Microsoft founder Bill Gates posed a question on LinkedIn and garnered 3,500 responses. Dunkin’ Donuts has attracted more than 800,000 fans to its Facebook Fan page. And Dell offers deals and customer support through its primary Twitter page, which has collected nearly 700,000 followers.
Many big corporations are looking to make a splash in social media, but credit card companies have been markedly slower to the party. MasterCard‘s official Facebook page, for example, has picked up only 2,000 fans and has offered no new content since July 2008. The four American Express Twitter accounts have amassed fewer than 350 followers among them. (See related story: 24 hours of credit card tweets.)
Rapleaf CEO Auren Hoffman, whose company has helped credit card companies analyze the social media usage of their customer base, acknowledges that it’s been slow going. “Participating in social media … is not the forte of credit card companies thus far,” he says. “But some of them starting to wade into it slowly.”
Listening in on the conversation
You may not see card companies’ status updates popping up on your Facebook feed anytime soon, but know this: They’re looking closely at what sites you’re using, the friends you’re making and the opinions you’re sharing about their companies online.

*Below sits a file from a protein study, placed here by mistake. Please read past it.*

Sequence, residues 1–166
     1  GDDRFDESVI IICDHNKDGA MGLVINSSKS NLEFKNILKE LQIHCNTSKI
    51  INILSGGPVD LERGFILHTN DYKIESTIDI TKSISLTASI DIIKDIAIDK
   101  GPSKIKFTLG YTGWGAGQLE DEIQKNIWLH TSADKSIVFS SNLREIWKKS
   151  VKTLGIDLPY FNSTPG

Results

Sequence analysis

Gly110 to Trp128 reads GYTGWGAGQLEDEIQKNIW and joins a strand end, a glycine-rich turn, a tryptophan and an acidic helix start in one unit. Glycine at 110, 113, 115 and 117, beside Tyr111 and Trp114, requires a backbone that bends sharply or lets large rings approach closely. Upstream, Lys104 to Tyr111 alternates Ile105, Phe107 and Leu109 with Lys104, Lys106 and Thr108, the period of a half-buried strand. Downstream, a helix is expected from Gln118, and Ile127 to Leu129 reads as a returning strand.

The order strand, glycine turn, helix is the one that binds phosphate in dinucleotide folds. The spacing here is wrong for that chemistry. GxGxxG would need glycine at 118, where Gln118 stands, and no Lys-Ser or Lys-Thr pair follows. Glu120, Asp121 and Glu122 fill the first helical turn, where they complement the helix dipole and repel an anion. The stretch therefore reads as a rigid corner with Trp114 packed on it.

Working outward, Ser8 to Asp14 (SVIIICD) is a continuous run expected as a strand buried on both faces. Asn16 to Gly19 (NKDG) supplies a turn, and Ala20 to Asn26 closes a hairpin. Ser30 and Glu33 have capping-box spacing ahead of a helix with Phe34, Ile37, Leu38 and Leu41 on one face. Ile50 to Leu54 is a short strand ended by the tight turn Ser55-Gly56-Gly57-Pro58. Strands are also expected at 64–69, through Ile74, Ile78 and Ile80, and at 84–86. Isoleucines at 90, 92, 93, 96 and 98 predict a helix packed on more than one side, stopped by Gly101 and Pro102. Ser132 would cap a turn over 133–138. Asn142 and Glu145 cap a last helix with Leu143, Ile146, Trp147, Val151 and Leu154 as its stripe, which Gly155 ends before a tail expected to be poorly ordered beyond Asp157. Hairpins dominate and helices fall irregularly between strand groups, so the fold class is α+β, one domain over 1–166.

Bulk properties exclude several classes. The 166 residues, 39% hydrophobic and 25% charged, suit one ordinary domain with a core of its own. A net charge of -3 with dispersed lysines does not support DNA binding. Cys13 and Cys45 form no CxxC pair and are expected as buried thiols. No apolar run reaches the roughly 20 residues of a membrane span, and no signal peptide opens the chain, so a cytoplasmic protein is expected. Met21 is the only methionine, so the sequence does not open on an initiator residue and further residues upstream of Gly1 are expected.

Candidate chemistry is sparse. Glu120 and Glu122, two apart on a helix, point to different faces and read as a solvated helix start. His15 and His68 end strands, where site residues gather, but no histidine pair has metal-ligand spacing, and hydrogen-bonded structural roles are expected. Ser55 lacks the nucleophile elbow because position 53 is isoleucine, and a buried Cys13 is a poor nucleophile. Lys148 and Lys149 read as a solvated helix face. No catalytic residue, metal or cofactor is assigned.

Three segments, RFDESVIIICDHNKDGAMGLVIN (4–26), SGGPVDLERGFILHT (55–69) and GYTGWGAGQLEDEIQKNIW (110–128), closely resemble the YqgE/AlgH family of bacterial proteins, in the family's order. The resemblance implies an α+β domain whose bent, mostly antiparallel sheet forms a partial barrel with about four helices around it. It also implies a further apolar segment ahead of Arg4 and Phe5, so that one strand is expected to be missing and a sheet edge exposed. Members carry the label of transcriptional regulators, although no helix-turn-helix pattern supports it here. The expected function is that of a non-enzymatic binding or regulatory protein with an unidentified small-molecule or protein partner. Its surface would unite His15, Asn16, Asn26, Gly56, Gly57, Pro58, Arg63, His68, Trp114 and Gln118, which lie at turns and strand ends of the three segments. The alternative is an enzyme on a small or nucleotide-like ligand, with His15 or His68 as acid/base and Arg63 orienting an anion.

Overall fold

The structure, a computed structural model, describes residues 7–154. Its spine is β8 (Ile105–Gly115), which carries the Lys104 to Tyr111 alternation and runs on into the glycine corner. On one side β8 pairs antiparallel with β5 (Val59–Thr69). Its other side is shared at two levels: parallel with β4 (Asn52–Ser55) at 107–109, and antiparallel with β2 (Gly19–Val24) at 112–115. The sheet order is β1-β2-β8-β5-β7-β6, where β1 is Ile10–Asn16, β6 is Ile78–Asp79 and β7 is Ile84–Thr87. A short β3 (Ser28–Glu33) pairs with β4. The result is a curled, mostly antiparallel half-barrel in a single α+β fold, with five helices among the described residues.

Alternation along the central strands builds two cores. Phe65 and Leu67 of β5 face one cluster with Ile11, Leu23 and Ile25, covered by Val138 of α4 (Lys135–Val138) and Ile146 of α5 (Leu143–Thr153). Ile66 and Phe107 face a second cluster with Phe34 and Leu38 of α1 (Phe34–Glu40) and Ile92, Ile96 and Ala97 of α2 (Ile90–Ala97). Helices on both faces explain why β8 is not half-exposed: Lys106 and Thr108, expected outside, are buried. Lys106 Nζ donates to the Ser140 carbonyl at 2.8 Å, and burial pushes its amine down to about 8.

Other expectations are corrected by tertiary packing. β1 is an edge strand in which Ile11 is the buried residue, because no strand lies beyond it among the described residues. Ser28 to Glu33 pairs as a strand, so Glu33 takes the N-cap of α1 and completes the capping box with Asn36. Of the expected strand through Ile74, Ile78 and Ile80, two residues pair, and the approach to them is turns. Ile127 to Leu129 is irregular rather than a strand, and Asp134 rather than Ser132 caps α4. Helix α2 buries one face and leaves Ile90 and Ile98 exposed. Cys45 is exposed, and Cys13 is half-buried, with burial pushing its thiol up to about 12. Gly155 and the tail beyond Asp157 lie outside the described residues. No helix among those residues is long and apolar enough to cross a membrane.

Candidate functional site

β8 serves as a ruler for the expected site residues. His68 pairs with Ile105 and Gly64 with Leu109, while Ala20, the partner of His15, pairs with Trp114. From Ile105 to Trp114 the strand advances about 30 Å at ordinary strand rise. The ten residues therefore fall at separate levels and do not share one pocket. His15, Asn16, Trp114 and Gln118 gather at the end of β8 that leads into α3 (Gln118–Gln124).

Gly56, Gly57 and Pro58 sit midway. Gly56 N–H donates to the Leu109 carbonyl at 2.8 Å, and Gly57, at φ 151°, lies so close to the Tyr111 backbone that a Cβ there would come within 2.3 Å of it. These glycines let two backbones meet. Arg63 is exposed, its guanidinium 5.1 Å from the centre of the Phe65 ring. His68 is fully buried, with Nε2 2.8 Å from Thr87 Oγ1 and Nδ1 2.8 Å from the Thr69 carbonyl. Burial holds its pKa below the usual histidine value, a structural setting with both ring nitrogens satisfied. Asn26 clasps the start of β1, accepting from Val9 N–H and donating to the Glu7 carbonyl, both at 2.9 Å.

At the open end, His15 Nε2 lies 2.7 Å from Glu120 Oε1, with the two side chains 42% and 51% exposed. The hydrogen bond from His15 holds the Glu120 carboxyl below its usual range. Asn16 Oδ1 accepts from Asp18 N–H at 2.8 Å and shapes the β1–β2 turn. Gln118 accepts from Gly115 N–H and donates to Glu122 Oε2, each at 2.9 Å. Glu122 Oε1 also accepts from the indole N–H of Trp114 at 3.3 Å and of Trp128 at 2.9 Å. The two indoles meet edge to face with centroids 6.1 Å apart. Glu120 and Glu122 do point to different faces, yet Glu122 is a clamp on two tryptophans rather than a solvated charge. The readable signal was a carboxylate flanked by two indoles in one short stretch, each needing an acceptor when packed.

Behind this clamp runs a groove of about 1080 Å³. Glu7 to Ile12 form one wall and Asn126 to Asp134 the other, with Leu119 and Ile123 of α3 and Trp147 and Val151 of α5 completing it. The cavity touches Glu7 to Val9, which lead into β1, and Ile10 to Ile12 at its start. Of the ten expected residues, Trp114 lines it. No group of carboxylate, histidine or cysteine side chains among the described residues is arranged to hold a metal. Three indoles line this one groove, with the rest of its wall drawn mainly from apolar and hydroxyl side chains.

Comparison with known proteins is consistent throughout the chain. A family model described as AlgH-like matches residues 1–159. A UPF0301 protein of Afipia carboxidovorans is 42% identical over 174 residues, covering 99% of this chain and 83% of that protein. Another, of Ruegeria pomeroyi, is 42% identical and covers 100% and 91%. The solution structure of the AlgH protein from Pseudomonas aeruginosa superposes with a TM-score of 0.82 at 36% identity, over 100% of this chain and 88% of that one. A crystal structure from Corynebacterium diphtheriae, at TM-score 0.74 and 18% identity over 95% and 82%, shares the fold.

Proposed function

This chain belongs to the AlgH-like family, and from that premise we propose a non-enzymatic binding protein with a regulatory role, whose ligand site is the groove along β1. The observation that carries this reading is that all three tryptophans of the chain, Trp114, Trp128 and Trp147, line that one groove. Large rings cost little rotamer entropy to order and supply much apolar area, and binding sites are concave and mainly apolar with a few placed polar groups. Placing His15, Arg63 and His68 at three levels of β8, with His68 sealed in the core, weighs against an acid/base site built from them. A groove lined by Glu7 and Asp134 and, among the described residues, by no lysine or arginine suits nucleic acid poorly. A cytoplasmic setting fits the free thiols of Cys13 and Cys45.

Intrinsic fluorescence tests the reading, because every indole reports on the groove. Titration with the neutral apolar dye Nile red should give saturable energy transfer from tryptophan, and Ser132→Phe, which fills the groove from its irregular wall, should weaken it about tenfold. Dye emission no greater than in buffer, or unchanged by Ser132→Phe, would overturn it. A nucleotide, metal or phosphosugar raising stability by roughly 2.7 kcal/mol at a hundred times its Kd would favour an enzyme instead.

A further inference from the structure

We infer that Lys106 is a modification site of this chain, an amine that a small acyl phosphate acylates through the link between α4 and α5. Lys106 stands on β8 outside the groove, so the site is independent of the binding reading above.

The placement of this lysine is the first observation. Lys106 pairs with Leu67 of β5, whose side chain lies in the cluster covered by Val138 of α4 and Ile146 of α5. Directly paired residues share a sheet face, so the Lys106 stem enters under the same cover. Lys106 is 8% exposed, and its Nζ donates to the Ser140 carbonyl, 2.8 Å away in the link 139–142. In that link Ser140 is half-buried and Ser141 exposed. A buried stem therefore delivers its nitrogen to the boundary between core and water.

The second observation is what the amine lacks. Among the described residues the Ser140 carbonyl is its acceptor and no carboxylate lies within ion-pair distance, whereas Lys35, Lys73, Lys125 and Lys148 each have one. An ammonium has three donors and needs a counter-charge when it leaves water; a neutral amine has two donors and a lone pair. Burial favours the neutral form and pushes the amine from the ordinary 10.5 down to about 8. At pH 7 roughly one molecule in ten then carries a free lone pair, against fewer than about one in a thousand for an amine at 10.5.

Steve Furman, director of design, customer experience and social media for Discover, says his company began paying serious attention to social media sites in April 2008. Nonetheless, he says that Discover has “a pretty good listening capability built up.” According to Furman, the company uses tools that allow them to monitor more than 100 million blogs and other online sites and forums. “It quickly shows us anything that’s going on out there,” he says.
Rapleaf’s Hoffman, meanwhile, says that card companies he’s worked with are using social media as one more tool in their arsenal to determine what kind of offers will resonate and get people to sign up for a card. “Before, companies might have used [data] like ZIP codes, gender and credit history to come up with an offer,” he says. “Now, with social media, we’ve learned that what your friends have done — or not done — is quite important” in determining what you will do. “Companies that don’t use the data are potentially doing a big disservice to themselves.”